The official story is that the change occurred due to a miscommunication between Gary Gygax, the game designer, and Donald C. Sutherland, the artist. There’s clearly more to the story. I do not have a copy of the original Monster Manual, but I do have the next print with the red dragon hunting a herd of pegasi on the cover.
Let’s begin with the art. Sutherland depicted kobolds as diminutive dog men with large pointed ears and tiny devil horns. The contradiction to the official story appears when you start to read the description. Kobolds were scaly and laid eggs like lizards. Gygax had to have known, unless this particular monster was another writer’s responsibility.
Was there a literary inspiration out of Appendix N that described such a creature? Yes. It’s right there in black and white. In fact, it’s the very first series cited under Edgar Rice Burroughs name, “Pellucidar.” Whether or not it was a conscious homage is a question that will likely never be answered, but there was a fantasy and science fiction canon that was read back at the dawn of the hobby. Both men must have at least been aware of the novels, if not read them. Then, perhaps a dim memory of the material may have inspired the kobold.
The novel is Tarzan at the Earth’s Core. In it, we meet the Horibs. They are snake people. They range between four and nine feet tall. Like snakes, they grow larger with age. They have snake heads with unblinking eyes, large pointed ears, and small horns, giving them an appearance that the humans within the novel find disturbing. They also lay eggs.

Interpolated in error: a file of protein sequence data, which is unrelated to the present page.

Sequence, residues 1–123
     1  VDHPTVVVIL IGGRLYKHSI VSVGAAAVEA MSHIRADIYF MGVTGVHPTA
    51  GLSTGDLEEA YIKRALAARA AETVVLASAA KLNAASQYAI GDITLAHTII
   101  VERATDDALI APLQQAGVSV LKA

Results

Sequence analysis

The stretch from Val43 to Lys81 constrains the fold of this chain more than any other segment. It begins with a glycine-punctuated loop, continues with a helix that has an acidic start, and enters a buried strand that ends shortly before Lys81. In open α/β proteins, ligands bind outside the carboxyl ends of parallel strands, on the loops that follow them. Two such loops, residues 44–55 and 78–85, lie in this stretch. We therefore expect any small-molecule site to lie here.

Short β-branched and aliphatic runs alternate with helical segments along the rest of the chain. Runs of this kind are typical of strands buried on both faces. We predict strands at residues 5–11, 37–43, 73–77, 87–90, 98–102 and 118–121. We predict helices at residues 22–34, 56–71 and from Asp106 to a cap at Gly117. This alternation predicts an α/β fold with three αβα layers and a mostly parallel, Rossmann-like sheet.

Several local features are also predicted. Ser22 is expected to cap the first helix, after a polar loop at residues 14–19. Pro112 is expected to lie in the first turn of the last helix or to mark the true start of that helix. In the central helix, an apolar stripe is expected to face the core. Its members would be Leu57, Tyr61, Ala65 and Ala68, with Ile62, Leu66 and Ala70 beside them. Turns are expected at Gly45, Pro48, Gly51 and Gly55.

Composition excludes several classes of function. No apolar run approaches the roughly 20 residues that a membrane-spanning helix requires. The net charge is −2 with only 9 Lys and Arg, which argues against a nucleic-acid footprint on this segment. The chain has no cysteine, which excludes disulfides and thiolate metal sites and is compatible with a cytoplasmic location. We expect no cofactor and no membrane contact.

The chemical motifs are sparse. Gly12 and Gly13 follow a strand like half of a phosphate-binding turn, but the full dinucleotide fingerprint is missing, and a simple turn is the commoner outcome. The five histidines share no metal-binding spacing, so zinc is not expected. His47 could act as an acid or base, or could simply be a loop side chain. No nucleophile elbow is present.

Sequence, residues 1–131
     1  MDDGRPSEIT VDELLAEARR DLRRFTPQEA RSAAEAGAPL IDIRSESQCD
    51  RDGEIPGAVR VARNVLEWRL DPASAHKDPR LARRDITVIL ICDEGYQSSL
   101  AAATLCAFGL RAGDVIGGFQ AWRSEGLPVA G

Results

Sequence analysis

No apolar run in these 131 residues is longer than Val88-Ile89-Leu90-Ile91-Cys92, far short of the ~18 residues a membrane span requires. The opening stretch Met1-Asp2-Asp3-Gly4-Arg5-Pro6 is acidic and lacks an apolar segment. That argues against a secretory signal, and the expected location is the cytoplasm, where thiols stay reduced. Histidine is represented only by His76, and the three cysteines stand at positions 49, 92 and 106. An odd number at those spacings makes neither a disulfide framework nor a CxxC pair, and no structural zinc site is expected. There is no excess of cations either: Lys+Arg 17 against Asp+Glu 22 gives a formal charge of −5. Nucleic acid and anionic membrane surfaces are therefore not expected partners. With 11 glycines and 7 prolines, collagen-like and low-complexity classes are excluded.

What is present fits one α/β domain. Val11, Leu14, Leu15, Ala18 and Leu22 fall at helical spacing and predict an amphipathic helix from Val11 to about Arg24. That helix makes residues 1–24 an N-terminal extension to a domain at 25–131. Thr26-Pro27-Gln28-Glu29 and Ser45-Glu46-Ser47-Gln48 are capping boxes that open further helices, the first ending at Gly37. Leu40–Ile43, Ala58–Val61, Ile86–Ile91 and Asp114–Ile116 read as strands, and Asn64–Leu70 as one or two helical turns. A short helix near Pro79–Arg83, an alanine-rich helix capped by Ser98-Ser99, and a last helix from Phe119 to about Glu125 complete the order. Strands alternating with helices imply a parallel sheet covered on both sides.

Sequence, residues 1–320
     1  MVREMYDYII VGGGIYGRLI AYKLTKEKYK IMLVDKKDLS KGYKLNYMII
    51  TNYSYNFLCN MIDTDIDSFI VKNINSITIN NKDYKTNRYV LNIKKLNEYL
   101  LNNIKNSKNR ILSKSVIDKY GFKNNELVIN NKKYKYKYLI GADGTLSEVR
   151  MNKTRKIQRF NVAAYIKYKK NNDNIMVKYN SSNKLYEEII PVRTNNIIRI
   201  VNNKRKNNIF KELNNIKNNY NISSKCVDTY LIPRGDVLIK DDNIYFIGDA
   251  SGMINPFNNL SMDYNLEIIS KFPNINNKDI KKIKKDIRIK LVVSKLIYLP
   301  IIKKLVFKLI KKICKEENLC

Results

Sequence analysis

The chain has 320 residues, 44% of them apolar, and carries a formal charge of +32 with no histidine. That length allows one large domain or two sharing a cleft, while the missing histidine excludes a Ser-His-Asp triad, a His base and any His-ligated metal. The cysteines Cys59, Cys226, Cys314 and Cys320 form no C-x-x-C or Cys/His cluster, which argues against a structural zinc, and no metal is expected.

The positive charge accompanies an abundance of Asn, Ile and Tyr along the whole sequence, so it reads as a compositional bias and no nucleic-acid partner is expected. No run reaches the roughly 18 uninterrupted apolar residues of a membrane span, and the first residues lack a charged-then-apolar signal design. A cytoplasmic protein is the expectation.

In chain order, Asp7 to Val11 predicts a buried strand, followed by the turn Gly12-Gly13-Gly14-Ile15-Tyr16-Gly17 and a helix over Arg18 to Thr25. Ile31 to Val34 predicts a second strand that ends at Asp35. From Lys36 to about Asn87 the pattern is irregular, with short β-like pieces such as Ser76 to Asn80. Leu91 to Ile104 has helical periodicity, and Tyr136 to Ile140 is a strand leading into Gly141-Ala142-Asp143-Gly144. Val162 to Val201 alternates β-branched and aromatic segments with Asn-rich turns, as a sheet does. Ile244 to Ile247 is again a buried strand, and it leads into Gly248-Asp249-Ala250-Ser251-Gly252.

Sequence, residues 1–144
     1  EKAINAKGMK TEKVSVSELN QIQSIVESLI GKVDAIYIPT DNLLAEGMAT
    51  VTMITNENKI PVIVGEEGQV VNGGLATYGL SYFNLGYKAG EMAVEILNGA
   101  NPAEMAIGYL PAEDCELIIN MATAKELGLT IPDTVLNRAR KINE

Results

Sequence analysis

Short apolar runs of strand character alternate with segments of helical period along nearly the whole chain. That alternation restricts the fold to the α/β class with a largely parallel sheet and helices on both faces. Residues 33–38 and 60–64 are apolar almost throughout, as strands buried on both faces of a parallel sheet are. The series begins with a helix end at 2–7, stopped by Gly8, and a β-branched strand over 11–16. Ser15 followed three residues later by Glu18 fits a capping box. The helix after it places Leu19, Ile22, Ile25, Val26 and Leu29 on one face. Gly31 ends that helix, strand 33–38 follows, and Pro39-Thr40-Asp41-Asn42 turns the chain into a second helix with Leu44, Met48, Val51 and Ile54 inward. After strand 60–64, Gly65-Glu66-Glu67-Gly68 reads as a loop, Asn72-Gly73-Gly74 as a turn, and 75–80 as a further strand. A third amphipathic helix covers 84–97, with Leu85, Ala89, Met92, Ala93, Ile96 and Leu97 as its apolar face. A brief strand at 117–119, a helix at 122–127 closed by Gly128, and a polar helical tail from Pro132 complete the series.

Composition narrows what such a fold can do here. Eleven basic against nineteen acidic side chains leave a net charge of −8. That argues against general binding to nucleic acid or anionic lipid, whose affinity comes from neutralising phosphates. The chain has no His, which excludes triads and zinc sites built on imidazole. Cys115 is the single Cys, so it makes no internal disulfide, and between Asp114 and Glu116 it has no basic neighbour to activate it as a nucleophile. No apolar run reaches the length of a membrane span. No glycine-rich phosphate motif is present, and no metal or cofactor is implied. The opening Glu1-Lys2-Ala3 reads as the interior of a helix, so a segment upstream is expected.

The Horibs are an almost precise match for Sutherland’s kobolds!
As an interesting addendum, I was browsing online last night. The current description of kobolds as draconian has another inspiration: gargoyles. Their folklore is directly derived from dragons. In fact, they’re a much closer match to kobolds as they’re currently described. If you check out gargoyle pictures online, you’ll be surprised how closely they resemble Sutherland’s depiction, too. Right down to having dog-like faces!
So, now you know.
I’ve got a book to finish so I may slow down on my blog, but I’ll be back with any interesting tidbits. Have a great weekend!
Since I started to read the Appendix N literature, I thought that Dungeons & Dragons’ Hook Horror might have been inspired by the monsters from Fritz Leiber’s The Bleak Shore (one of his Fafhrd and the Gray Mouser stories). I have recently discovered a much closer match, Gigan from Japanese Monster Movies! You never know where these beasties might come from next!
Up next, how Tarzan at the Earth’s Core inspired the Sutherland Kobold.
Have a great day!
I have really been chasing my tail on this one. My previous posts on this topic have been interesting examinations of possibilities, but have gone wide of the mark. The answer I sought has been something I’ve seen expressed online, but wasn’t able to make sense of at the time. It took rereading the myths of the Norse Draugr to finally put two and two together.
Why does a ghoul’s touch cause paralysis and why are elves immune?
The devil is in the details. It’s a legacy of esoteric rules language from Chainmail (the war game that preceded Dungeons & Dragons) whence “touch” meant engaged in hand-to-hand (mêlée) combat. Two miniatures (figures) on the game map on the table were right next to each other. In the conversion to D&D, the language was retained, but the meaning became obscured and ultimately lost when a successful attack roll was later required for paralysis to endanger its victim. There are no literary or mythic models as far as I know. Hence, my confusion. Where was this coming from?